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Canton-McKinley Rifle and Pistol Club, Inc.

Club House (330) 877-9764

Postal Address: P.O. Box 1330
Hartville, OH 44632-1330

Club Address: 5527 Tyro St NE
Canton, OH 44721

The Crimean War: an overview

In the years 1854 to 1856, Britain fought its only European war between the ending of the Napoleonic conflict in 1815 and the opening of the Great War in 1914. Although eventually victorious, the British and their French allies pursued the war with little skill and it became a byword for poor generalship and logistical incompetence.

The war began as a quarrel between Russian Orthodox monks and French Catholics over who had precedence at the holy Places in Jerusalem and Nazareth. Tempers frayed, violence resulted and lives were lost. Tsar Nicholas I of Russia demanded the right to protect the Christian shrines in the Holy Land and to back up his claims moved troops into Wallachia and Moldavia (present day Rumania) then part of the Ottoman Turkish empire. His fleet then destroyed a Turkish flotilla off Sinope in the Black Sea. In an early instance of propaganda, British newspaper reports of the action said the Russians had fired at Turkish wounded in the water. Russian domination of Constantinople and the Straits was a perennial nightmare of the British and with the two powers already deeply suspicious of each others intentions in Afghanistan and Central Asia, the British felt unable to accept such Russian moves against the Turks. Louis Napoleon III, emperor of France, eager to emulate the military successes of his uncle Napoleon I and wishing to extend his protection to the French monks In Jerusalem allied himself with Britain. Both countries dispatched expeditionary forces to the Balkans. The British was commanded by Lord Raglan, who had last seen action at the Battle of Waterloo; the French by General St. Arnaud and, after his death from cholera, General Canrobert both veterans of France's Algerian wars.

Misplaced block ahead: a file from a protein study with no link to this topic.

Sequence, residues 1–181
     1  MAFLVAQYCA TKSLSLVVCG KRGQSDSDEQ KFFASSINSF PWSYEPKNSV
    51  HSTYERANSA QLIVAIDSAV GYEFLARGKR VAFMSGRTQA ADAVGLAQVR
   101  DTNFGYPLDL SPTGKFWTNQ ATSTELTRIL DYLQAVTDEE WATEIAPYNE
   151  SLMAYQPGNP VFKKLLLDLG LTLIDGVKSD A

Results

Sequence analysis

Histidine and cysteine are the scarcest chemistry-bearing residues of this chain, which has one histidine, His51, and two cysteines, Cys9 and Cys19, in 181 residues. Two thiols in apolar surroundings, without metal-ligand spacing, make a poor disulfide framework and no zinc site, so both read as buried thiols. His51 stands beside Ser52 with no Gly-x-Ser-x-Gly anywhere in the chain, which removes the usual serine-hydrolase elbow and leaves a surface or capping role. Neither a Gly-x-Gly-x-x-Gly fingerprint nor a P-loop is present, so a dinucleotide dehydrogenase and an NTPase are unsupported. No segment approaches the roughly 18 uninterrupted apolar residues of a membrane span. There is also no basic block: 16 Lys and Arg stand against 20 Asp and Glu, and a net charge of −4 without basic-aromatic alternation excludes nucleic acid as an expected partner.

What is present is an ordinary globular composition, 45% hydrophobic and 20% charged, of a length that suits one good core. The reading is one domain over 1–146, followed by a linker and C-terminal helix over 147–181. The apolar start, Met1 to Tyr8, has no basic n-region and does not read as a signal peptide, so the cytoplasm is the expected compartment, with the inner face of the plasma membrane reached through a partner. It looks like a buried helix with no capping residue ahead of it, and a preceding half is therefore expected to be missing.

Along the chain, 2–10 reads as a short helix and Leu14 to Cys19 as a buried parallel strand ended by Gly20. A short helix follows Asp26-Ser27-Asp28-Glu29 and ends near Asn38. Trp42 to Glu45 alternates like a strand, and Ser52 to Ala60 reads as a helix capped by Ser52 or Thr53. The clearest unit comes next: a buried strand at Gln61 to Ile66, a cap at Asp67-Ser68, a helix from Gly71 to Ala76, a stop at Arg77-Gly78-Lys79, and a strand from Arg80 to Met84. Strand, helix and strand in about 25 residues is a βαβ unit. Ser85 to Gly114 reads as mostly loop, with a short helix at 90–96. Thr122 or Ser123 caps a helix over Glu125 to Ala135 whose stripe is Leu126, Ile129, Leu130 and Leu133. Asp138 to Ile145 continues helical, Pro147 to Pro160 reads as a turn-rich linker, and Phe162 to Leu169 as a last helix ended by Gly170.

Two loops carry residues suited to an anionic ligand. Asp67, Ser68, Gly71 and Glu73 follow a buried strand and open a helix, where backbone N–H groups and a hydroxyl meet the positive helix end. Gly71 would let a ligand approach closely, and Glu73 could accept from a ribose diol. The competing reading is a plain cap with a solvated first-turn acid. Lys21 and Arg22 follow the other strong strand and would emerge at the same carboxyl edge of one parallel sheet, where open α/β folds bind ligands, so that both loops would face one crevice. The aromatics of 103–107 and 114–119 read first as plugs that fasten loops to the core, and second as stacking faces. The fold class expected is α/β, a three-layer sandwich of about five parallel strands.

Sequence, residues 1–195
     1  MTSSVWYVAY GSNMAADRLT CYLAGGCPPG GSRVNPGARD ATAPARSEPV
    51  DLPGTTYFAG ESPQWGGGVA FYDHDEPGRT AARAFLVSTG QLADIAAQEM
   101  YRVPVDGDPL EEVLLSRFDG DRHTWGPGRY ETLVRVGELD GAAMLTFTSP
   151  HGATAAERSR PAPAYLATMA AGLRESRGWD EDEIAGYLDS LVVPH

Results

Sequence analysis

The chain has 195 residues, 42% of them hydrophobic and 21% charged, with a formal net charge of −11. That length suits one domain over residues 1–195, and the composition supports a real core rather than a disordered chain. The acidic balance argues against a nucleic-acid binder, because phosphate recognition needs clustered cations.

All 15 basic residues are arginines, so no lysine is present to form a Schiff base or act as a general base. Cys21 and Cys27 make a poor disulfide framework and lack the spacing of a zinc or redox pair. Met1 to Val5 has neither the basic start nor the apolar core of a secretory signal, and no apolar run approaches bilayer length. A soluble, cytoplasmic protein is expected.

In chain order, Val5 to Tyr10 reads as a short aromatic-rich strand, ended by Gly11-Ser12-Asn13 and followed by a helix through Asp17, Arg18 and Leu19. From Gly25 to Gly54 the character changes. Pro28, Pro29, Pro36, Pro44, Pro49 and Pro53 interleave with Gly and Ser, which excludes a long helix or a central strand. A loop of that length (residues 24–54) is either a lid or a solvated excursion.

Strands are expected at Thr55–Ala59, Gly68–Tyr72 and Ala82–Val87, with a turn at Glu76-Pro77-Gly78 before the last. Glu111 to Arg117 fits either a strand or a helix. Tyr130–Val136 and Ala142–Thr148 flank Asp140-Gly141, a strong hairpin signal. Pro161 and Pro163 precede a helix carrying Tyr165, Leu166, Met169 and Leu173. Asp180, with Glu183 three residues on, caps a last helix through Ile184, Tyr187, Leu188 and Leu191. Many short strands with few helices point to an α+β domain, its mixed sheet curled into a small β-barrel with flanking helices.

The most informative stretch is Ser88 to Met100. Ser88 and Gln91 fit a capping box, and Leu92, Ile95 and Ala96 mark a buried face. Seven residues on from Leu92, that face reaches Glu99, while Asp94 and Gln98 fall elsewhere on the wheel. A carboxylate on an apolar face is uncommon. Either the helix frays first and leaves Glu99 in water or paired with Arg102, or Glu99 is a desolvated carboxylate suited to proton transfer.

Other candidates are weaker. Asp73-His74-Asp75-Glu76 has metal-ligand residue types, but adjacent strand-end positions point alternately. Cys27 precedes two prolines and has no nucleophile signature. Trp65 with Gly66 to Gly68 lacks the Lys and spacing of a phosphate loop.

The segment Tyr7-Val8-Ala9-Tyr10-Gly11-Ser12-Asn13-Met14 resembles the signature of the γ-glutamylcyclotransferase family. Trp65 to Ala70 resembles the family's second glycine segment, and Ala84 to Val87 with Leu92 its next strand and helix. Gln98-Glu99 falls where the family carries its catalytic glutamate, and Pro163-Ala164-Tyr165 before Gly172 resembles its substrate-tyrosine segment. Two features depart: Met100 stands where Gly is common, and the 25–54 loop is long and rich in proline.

The war began in March 1854 and by the end of the summer, the Franco-British forces had driven the Russians out of Wallachla and Moldavia. The fighting should have ended there, but it was decided that the great Russian naval base at Sevastopol was a direct threat to the future security of the region and in September 1854 the French and British landed their armies on the Crimean peninsula.

From their landing beaches the allies marched southward to Invest Sevastopol. On the way they fought their first major battle. At the River Alma Russian army tried unsuccessfully to prevent the allies crossing the river and scaling the heights beyond. The defeated Russians retreated inland and as the siege of Sevastopol began a regrouped Russian army hovered menacingly on the flank of the British army who were using the Inlet of Balaklava as its supply harbor. Sevastopol was invulnerable to any kind of seaborne attack and her landward defenses were also formidable. Soon the major strong points in the defenses, the Redan, the little Redan and the Malakoff bastion, would become household words In Britain.

As the British and French prepared their siege works the Russian army on the British right flank struck. They were flung back at this the Battle of Balaklavabut only with great loss and the near annihilation of the British light cavalry. A further attempt by the Russians resulted in the Battle of Inkerman, a murderous fistfight fought out In a fog so thick that sometimes the troops could only see a few yards ahead. Again the Russians were pushed back. The war settled down to one of spade and artillery as the allies pushed their trenches nearer the defensive lines of Sevastopol. The winter of 1854-55 brought great misery to the troops, particularly the British as their commissary department was grossly incompetent and for months the men were clothed in rags, cold, hungry and short of everything. The only bright light in this sorry tale of official negligence and stupidity was the work of Florence Nightingale who almost single-handedly drastically cut mortality rates for the British wounded at the hospital In Scutart.

Finally in early 1856, Sevastapol fell and the war was brought to a conclusion by the Peace of Paris.

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